Prior to 1990, when Barack Obama contracted to write Dreams From My Father, he had written very close to nothing. Then, five years later, this untested 33 year-old produced what Time Magazine has called -- with a straight face -- "the best-written memoir ever produced by an American politician."
The public is asked to believe Obama wrote Dreams From My Father on his own, almost as though he were some sort of literary idiot savant. I do not buy this canard for a minute, not at all. Writing is as much a craft as, say, golf. To put this in perspective, imagine if a friend played a few rounds in the high 90s and then a few years later, without further practice, made the PGA Tour. It doesn't happen.
And yet, given the biases of the literary establishment, no reviewer of note has so much as questioned Obama's role in the writing, then or now. As the New York Times gushed, Obama was "that rare politician who can write . . . and write movingly and genuinely about himself." These accolades matter all the more because Obama has built his political persona around his presumably superior intellect, Dreams being exhibit A.
Shy of a confession by those involved, I will not be able to prove conclusively that Obama did not write this book. As shall be seen, however, there are only two real possibilities: one is that Obama experienced a near miraculous turnaround in his literary abilities; the second is that he had major editorial help, up to and including a ghostwriter.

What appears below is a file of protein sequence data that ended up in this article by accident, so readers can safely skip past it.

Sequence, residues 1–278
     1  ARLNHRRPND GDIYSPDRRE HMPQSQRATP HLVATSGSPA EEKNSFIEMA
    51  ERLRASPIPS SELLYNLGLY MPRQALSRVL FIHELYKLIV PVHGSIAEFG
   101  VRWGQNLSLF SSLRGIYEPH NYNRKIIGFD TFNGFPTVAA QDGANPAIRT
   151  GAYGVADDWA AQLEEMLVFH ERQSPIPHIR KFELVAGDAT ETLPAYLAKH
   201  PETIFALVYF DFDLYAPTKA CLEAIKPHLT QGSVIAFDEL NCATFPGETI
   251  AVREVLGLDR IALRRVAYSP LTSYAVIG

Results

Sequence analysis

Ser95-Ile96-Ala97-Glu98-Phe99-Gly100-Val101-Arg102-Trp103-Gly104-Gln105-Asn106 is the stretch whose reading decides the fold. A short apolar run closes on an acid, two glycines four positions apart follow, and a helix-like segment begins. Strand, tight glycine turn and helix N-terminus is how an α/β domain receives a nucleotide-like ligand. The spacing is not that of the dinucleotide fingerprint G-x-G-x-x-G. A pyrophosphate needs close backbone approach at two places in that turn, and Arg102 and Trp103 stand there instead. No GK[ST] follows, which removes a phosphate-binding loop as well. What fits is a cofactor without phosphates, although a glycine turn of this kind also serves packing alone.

The weight of the evidence overwhelming favors the latter conclusion and strongly suggests who that ghostwriter is. In that this remains something of a work in progress, I am willing to test my hypothesis against any standard of proof and appreciate any and all good leads.
In my career in advertising and publishing, I have reviewed the portfolios of a thousand professional writers, all of them crowded with writing samples, but only a handful of these writers would have been capable of having a written a book as stylish as Dreams. I have also written a book on intellectual fraud, Hoodwinked, and examined any number of bogus biographies that excited the literary left to the point of complicity, Edward Said's and Rigoberta Menchu's prominent among them, Menchu winning a Nobel Prize for hers. Obama's ascent seems to follow a century-old pattern.
Tracing Obama's literary ascent is complicated by what Politico.com calls a "scant paper trail." That trail begins at Occidental College whose literary magazine published two of Obama's poems -- "Pop" and "Underground" -- in 1981. Obama calls it some "very bad poetry," and he does not sell himself short. From "Underground":
Under water grottos, caverns
Filled with apes
That eat figs.
Stepping on the figs
That the apes
Eat, they crunch.
The apes howl, bare
Their fangs, dance . . .
It would be another decade before Obama had anything in print and this an edited, unsigned student case comment in the Harvard Law Review unearthed by Politico. Attorneys who reviewed the piece for Politico described it as "a fairly standard example of the genre."